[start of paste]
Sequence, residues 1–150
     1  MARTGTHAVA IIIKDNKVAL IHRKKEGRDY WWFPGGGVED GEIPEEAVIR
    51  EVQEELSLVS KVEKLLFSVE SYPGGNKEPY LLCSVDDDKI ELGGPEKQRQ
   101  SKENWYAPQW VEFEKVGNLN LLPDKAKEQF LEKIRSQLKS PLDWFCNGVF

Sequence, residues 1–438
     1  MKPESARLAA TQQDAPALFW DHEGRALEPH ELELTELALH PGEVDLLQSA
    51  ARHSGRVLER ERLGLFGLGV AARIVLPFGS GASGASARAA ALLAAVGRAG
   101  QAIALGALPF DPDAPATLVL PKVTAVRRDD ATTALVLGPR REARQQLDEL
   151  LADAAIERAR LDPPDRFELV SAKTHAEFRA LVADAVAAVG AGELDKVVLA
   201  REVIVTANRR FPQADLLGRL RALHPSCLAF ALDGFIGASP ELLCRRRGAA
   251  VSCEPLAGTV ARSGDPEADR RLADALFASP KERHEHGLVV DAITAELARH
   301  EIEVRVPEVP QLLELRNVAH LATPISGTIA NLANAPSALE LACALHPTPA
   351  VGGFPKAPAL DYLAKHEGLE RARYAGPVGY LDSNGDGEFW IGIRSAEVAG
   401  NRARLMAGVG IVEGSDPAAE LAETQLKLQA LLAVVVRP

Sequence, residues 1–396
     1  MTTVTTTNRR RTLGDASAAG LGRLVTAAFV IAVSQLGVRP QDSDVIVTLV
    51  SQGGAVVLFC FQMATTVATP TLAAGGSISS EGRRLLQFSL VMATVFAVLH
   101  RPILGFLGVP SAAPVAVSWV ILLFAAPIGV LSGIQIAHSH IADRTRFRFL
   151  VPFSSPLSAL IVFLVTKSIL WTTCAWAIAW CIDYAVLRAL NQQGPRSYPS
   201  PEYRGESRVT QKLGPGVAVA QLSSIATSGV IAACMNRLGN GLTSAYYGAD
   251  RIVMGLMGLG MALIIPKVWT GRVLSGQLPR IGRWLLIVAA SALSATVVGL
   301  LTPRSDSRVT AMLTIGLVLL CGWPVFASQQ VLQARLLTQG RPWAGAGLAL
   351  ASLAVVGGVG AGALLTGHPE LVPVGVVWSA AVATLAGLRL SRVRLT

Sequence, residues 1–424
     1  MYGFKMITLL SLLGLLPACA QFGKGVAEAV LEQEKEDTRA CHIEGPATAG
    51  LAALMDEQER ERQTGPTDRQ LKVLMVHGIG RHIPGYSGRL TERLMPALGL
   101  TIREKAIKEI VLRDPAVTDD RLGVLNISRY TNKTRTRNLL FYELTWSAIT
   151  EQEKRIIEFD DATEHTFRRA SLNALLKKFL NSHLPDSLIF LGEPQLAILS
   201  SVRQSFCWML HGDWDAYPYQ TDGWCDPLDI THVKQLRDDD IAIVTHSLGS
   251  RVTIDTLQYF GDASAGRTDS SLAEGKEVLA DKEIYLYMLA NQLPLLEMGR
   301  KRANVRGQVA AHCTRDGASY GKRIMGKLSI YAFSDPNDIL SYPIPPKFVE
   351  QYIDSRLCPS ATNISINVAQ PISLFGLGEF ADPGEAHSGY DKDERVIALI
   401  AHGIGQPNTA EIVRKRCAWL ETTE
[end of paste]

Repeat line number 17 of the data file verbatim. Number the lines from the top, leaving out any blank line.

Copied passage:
    51  SQGGAVVLFC FQMATTVATP TLAAGGSISS EGRRLLQFSL VMATVFAVLH